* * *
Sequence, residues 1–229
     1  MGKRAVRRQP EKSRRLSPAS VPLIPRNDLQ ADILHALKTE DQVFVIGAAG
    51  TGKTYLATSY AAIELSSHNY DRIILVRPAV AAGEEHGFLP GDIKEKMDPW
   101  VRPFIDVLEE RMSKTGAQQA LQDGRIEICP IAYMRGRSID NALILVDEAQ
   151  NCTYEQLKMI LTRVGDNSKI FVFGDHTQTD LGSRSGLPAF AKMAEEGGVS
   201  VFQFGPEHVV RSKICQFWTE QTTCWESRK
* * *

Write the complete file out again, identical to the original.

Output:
Sequence, residues 1–229
     1  MGKRAVRRQP EKSRRLSPAS VPLIPRNDLQ ADILHALKTE DQVFVIGAAG
    51  TGKTYLATSY AAIELSSHNY DRIILVRPAV AAGEEHGFLP GDIKEKMDPW
   101  VRPFIDVLEE RMSKTGAQQA LQDGRIEICP IAYMRGRSID NALILVDEAQ
   151  NCTYEQLKMI LTRVGDNSKI FVFGDHTQTD LGSRSGLPAF AKMAEEGGVS
   201  VFQFGPEHVV RSKICQFWTE QTTCWESRK